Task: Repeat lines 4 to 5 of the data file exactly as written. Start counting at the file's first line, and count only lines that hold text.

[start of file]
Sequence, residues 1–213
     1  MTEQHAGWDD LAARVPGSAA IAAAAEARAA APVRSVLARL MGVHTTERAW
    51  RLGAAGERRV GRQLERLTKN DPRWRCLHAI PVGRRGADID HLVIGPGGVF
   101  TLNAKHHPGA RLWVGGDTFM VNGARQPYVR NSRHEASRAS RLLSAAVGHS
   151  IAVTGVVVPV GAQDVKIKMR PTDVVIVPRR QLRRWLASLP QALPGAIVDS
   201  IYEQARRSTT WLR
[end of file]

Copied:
   101  TLNAKHHPGA RLWVGGDTFM VNGARQPYVR NSRHEASRAS RLLSAAVGHS
   151  IAVTGVVVPV GAQDVKIKMR PTDVVIVPRR QLRRWLASLP QALPGAIVDS